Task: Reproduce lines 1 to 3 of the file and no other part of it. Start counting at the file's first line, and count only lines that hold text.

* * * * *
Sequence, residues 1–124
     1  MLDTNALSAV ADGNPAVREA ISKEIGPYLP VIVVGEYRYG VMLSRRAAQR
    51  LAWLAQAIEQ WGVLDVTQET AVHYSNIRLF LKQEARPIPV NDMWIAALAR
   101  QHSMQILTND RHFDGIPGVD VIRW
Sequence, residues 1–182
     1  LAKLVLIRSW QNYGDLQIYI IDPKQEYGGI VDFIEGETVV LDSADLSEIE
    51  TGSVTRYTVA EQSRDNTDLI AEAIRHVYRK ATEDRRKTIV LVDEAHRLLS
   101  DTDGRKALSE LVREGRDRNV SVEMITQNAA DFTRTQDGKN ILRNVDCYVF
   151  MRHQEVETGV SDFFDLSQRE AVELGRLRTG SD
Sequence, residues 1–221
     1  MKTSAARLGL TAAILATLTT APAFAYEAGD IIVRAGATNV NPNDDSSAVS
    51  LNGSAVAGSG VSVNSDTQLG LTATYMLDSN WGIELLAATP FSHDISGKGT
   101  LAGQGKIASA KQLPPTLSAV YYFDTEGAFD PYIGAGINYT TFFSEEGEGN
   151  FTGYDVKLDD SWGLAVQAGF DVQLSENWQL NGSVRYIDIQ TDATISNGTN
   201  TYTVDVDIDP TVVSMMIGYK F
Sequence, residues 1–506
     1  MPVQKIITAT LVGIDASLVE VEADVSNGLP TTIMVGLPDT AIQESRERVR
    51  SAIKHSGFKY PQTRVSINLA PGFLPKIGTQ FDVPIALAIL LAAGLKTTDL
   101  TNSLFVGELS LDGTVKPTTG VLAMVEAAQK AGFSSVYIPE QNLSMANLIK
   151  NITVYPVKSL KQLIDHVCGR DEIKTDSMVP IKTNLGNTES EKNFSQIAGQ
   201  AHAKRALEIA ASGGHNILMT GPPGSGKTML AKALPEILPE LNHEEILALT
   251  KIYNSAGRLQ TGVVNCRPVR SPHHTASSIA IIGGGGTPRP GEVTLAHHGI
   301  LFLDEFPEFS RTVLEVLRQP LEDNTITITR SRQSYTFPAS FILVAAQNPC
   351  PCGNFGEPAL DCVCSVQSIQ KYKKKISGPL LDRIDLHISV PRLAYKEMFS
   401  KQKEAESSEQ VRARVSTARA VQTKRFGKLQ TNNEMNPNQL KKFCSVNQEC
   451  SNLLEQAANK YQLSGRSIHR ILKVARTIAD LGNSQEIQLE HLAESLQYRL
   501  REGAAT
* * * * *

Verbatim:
Sequence, residues 1–124
     1  MLDTNALSAV ADGNPAVREA ISKEIGPYLP VIVVGEYRYG VMLSRRAAQR
    51  LAWLAQAIEQ WGVLDVTQET AVHYSNIRLF LKQEARPIPV NDMWIAALAR